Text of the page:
Virginia Cavalry Charge


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Civil War Harper's Weekly, February 8, 1862

We have posted our entire collection of Civil War Harper's Weekly newspapers. These newspapers are formatted so that they look just like the original page. They contain a wealth of resources to help you develop a more in depth understanding of the Civil War. We hope you find this extensive archive useful in your research and study.

(Scroll Down to See Entire Page, or Newspaper Thumbnails below will take you to a specific page of interest)


Mill's Spring

Battle of Mill Spring

Battle of Somerset

Battle of Somerset

Mason and Slidell

Mason and Slidell Affair

Secretary Stanton and General Zollicoffer

Secretary Stanton and General Zollicoffer

Virginia Cavalry

Virginia Cavalry Charge

Rebel Cartoon

Rebel Cartoon

Battle of Somerset, Mill Spring, Kentucky

Battle of Somerset, Mill Spring

Bombardment of Fort Pickens

Kentucky Battle Map

Battle Map Mill Spring

Map of the Battle of Mill Spring

East River

East River Picture




[FEBRUARY 8, 1862.



in her eye. Who could tell what dreadful thoughts were lurking in her poor mind?

Randolph's wild oats seemed to have rendered the soil of his heart too unfruitful to bear even the commonest virtues. He was no longer the joyous, bright-faced boy of former years. He even tired of his young and lovely wife. Long days she sat alone, with Lily and old Mrs. Fairfax; for Lily was as useful as ever. She seemed to have conquered the demon of jealousy, which had prompted revengeful feelings, and under the religious teaching of her mistress she was becoming patient and resigned.

I have mentioned that there was an ugly fellow, the coachman, who had been gallant, or tried to be, to poor Lily. Just as she was regaining peace of mind he made new overtures, which she indignantly rejected. In sheer spite and malicious wickedness he managed to convey to young Mrs. Fairfax the history of the year previous to her coming to her Virginia home. It nearly killed

her ; she became very ill. Randolph sold the man; but now that his secret was out he became more and more reckless, riding fast and drinking hard—what a changed man he was !

All during young Mrs. Fairfax's illness Lily had been kept out of the room ; indeed, she knew enough to stay out, much as she loved the gentle girl who had been so kind to her. She had been sitting on a fallen tree, just beyond the garden-gate, one day, her child playing with grass and pebbles, when she saw a horse come clashing up the road. She seized the child just in time to save him ; but a glance at the empty saddle was sufficient to confirm her worst fears. Hastily running in the house she told the news ; the servants started out, but soon returned, bringing the lifeless body of Randolph Fairfax. He had been thrown, probably while intoxicated, and instant death must have ensued the blow which his head had received.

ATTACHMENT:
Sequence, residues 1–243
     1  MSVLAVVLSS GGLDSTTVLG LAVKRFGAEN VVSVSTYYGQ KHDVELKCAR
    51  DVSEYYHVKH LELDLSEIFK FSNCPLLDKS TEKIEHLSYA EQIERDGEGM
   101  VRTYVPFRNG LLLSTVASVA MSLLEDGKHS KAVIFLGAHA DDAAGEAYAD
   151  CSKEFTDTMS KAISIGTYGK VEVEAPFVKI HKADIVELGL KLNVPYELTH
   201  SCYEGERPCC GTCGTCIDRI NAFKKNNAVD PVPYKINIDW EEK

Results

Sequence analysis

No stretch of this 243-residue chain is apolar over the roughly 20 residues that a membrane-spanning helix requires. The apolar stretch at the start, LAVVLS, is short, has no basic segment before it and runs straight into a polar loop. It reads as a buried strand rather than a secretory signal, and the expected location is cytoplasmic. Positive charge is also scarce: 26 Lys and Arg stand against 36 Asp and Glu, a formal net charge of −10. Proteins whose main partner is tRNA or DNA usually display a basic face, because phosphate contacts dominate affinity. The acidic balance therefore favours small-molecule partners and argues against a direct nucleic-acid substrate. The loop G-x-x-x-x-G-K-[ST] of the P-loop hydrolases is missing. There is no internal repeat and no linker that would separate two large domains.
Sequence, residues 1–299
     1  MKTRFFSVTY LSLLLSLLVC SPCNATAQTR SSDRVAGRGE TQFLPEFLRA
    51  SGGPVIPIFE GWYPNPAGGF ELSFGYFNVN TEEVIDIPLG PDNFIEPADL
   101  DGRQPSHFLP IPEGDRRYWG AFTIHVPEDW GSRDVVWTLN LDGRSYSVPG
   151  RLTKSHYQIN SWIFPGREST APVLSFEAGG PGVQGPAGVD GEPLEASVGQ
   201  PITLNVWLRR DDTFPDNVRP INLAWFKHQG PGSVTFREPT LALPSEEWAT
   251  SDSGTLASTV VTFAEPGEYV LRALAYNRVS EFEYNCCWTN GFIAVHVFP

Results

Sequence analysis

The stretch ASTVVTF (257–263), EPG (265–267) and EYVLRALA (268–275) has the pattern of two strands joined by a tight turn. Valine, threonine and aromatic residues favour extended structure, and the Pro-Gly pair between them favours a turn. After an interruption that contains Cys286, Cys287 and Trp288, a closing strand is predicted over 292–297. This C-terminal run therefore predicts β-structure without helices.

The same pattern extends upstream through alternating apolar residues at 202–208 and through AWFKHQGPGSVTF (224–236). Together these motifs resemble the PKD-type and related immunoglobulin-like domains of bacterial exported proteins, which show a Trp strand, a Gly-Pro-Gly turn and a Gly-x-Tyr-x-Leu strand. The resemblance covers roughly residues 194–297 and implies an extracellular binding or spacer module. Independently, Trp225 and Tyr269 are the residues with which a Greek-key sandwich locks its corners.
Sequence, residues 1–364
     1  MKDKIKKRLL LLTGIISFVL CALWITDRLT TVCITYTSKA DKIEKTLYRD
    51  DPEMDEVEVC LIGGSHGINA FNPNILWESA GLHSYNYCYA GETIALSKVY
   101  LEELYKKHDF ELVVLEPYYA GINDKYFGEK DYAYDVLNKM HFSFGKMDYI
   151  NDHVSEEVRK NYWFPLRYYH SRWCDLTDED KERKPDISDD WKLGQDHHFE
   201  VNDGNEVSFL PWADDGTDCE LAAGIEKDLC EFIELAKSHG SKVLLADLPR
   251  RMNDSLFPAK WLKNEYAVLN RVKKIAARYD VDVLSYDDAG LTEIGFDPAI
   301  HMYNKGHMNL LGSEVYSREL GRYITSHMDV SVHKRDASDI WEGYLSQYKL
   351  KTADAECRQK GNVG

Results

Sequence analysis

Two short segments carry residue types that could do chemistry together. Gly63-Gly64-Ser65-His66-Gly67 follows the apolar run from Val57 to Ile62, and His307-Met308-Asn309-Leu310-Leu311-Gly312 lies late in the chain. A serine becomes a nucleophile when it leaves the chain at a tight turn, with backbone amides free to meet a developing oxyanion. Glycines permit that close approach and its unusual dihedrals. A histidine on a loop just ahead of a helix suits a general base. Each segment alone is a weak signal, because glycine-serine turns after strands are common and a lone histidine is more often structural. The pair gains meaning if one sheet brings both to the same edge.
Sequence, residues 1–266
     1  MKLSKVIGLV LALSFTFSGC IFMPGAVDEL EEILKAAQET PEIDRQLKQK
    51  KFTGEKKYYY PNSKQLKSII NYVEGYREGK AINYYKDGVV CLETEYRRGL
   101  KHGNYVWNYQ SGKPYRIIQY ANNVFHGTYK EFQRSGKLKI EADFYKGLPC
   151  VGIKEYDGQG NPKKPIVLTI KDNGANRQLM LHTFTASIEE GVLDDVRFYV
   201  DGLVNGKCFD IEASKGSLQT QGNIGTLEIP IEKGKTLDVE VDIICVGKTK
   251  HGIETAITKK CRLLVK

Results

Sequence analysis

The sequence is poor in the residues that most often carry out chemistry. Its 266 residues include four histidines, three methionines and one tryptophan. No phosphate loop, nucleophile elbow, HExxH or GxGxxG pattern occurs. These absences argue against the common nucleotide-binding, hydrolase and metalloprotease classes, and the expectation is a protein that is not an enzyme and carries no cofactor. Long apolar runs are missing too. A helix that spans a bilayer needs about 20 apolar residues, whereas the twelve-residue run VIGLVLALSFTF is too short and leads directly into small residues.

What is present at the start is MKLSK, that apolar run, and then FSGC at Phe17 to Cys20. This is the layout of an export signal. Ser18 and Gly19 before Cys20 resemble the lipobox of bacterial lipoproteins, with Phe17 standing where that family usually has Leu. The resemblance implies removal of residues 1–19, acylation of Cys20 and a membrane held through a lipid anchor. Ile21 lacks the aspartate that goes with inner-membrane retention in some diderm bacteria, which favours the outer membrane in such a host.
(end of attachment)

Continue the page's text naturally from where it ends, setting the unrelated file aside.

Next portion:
Ah, what a scene of misery was there in that lonely old house in the Virginian forest ! The

rooms were resonant of sobs; the servants were like children in their unrestrained grief. Old Mrs. Fairfax was frantic ; and Lily, almost beside herself, was the only one fit to attend to her young mistress, who had heard the terrible sounds, and insisted upon knowing the truth. Lily had to break the news, but the shock was too great ; swoon succeeded swoon in fearful rapidity. Toward midnight she became conscious, but it was evident she was dying. Calling Lily to her, the sweet young creature put out her hand to her.

" Come here, Lily, come here ! I have felt very wrongly toward you."

Lily made no answer ; but on her knees by the bedside buried her face in the clothes, weeping bitterly.

"We must both forgive him, Lily."

Only a low groan and a quivering sigh.

" Lily, look up in my face. I can not die tranquilly until I know that you will try to feel no bitterness in your heart, and that you will forgive

my want of charity—for I felt very wrongly toward you."

Lily looked up in the sweet face, growing paler, the soft blue eyes, drooping with the sleep which would cease her sorrow; eagerly she grasped that outstretched, soft, white hand, and bathed it with her tears and kisses. The blue eyes closed; the faint breath faltered and ceased ; the glowing hopes of life had taken wing before—with one slight hand, even heavy with its wedding-ring, lying on her motionless breast, the other in poor Lily's, that life had ended.

In the room beneath, alone and stiffened in the rigidity of death, with all his sins upon him, the sins fostered by indulgence, lay Randolph Fairfax.

I have little more to add; for Lily and the old lady lived on in that lonely house quietly enough after all that misery. When old Mrs. Fairfax died she gave Lily free papers for herself and her son, which, with a small sum of money, enabled them to go to Canada.


Massachusetts Volunteers
Virginia Cavalry Charge




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